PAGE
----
Lisa Walker Sekundiak is Vice President/Owner of Max I. Walker, which was founded by her great-grandfather Max in 1917.
Over the past two decades, Lisa has served with many Omaha philanthropic organizations but now concentrates on the Max I. Walker Ultr
a Chic Boutique.
Q: How did the Ultra Chic Boutique start, and how did you get the idea?
LWS: It was born out of our company wanting to start a new “give-back” kind of campaign. We had done Coats for Kids years ago, but had kind of let that go because everyone else was doing it, too. So I wanted to do something that would be really effective and generous to give back to the community, but would also work within the design of our business. With the help of my advertising agency, Envoy, Inc., we shaped my ideas and came up with the Ultra Chic Boutique.
The first year, it was a very small undertaking… but it got bigger and bigger, and now we’re in our ninth year.
Q: How did you choose the Open Door Mission Lydia House as the recipient of the proceeds?
LWS: We did a focus group with high school girls in the Omaha area and we asked for their feedback. We had several ideas presented to us, and we thought that the Lydia House was a perfect match.
Q: What was the first year like?
LWS: The first year was a blast. Nerve-wracking, crazy and small. We only received 365 dresses from the public. We weren’t surprised; we knew it would take a while to get the word out. But the people were really sweet and generous. We had it in a small room, and we had the support of the fine radio stations that are still supporting us – 94.1 and 104.5 – and we had a blast… it was hysterical. I don’t even know how much money we made that year. It was a little, but we knew it was going to grow into a popular event because everyone was so moved by it.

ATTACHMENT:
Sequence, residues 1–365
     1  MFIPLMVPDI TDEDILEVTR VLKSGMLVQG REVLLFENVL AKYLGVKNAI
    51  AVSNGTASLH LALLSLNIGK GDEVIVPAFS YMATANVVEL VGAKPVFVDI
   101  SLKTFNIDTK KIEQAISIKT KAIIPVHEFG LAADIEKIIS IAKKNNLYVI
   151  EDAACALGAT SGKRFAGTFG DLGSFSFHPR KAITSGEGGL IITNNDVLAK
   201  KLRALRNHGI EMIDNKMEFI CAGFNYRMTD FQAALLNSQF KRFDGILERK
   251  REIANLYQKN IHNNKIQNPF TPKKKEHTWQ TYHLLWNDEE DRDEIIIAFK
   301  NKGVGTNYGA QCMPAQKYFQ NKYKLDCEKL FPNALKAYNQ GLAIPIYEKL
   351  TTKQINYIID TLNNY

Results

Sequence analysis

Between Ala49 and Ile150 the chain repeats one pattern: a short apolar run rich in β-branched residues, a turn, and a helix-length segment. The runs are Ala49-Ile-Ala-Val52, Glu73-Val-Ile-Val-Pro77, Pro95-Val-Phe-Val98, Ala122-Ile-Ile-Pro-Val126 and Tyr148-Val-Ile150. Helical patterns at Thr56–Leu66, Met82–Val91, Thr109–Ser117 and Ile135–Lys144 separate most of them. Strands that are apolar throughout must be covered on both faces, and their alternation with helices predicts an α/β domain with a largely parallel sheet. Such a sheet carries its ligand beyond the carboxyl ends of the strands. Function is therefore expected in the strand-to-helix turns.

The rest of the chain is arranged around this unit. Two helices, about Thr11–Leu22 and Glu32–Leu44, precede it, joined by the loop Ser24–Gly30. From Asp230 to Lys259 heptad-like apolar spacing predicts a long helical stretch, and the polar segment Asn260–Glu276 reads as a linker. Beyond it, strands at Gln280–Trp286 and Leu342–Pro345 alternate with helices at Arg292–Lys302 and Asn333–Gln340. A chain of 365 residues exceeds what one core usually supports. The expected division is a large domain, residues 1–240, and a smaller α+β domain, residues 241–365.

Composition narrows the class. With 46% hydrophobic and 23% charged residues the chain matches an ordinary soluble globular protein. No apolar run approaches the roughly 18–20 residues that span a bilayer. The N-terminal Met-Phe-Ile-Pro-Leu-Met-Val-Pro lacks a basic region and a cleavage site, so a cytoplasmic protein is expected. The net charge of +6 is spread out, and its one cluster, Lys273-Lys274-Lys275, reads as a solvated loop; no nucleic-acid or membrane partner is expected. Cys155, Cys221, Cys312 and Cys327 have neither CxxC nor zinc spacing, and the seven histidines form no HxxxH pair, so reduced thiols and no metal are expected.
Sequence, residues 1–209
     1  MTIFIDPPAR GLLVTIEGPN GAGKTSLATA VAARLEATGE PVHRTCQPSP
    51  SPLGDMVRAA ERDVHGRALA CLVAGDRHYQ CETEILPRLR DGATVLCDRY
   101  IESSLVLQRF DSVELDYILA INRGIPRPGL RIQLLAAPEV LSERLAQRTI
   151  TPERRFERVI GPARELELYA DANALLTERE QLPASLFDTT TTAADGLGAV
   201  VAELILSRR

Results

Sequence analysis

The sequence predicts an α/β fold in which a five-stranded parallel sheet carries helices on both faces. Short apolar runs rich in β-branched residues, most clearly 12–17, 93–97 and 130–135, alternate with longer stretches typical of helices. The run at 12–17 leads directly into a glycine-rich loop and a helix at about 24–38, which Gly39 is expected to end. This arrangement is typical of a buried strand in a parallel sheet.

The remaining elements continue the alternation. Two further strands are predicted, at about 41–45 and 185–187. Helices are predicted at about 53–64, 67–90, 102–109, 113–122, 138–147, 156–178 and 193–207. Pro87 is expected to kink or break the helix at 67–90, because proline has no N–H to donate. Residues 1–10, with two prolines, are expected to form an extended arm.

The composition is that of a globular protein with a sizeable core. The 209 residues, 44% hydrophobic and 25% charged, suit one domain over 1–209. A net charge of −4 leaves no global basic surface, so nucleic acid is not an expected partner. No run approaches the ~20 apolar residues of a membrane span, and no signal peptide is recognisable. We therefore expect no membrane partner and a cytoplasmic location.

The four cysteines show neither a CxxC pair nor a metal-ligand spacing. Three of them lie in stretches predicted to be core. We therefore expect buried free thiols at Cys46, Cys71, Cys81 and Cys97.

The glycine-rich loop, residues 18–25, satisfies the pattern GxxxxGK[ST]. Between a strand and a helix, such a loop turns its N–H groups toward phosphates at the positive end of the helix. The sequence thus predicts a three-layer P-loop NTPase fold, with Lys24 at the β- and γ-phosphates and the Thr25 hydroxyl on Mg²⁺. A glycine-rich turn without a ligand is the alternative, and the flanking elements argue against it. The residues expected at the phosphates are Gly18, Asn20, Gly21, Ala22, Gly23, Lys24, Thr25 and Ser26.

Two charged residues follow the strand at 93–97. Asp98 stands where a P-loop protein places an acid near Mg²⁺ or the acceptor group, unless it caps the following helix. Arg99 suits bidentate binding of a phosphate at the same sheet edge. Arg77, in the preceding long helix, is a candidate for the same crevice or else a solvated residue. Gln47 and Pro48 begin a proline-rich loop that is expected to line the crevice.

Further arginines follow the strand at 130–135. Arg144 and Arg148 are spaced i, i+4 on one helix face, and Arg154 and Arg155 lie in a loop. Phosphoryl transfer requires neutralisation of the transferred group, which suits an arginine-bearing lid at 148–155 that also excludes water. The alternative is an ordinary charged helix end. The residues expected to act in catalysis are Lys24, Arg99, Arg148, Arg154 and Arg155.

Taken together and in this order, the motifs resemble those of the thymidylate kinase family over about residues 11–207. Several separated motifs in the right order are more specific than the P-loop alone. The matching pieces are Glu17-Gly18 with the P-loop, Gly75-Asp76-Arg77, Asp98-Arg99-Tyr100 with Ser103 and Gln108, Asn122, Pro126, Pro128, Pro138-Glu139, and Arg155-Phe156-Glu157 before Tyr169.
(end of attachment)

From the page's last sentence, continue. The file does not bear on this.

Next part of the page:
We had girls get dresses that they thought they’d never get. We had the opportunity to reach out to so many people and educate them about the Lydia House and what the Mission is doing and, ultimately, what Max I. Walker was trying to do for the community.
Q: How has the event grown over the years?
LWS: Popularity and demand has grown. And the goodwill just seems to just roll over every year. We barely even have to ask for donated dresses; they just start coming after each event, and we hold them for the next year. It’s just gotten bigger and bigger by word of mouth and by its success. It’s reached way beyond Omaha, too. We’ve had people coming in from miles and miles away for the event.
Q: Considering the amount of dresses, this has to be a pretty big undertaking for Max I. Walker, what with the cleaning and repairing and everything, so what makes you want to keep the event going?
LWS: Well, the idea of giving back has always been in the Walker family blood. And this one just works so well, because it fits what we do as a business, and it gives back to the community in pure dollars. It just makes perfect sense. We’ve got it down to such a fine system now that, yes, it’s an undertaking for us financially, but it’s what we do, and we’re happy to do it.
Every cent that is made that day is given directly to the Lydia House; we don’t deduct any costs. And it’s an all-employee effort out of our 23 locations, including managers, counter staff, cleaners, pressers, drivers… everybody has a hand in it. They’re always happy when it comes around. Even though they don’t make anything other than the good feeling of giving back.
Q: Any favorite memories?